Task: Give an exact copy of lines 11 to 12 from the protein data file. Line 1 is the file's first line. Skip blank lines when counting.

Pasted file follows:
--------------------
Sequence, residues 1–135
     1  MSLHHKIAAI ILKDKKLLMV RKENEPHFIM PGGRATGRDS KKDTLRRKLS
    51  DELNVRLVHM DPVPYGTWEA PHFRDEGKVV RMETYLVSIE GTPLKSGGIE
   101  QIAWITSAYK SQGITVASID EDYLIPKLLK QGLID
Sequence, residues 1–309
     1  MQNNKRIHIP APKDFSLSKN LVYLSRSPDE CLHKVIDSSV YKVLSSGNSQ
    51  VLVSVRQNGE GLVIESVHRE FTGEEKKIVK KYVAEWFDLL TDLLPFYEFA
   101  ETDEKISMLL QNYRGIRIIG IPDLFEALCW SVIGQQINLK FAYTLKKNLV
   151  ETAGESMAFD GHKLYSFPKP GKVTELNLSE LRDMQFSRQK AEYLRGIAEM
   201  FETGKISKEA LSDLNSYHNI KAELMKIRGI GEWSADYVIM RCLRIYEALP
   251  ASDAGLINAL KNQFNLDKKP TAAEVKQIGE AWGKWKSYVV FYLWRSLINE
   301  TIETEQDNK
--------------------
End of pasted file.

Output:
   251  ASDAGLINAL KNQFNLDKKP TAAEVKQIGE AWGKWKSYVV FYLWRSLINE
   301  TIETEQDNK